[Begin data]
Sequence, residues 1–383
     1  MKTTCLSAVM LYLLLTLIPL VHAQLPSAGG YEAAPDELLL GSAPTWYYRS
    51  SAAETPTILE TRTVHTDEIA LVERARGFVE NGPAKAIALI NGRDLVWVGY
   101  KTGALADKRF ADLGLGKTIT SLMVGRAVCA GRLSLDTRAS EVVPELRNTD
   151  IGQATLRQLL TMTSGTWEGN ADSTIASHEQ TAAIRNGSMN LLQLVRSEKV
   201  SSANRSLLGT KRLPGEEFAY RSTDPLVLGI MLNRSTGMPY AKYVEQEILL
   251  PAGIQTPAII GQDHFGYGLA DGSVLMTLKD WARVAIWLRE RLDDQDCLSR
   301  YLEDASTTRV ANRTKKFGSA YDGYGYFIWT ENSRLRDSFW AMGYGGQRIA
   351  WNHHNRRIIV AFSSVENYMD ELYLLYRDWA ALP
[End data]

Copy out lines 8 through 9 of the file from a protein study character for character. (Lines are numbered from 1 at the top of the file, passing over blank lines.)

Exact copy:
   301  YLEDASTTRV ANRTKKFGSA YDGYGYFIWT ENSRLRDSFW AMGYGGQRIA
   351  WNHHNRRIIV AFSSVENYMD ELYLLYRDWA ALP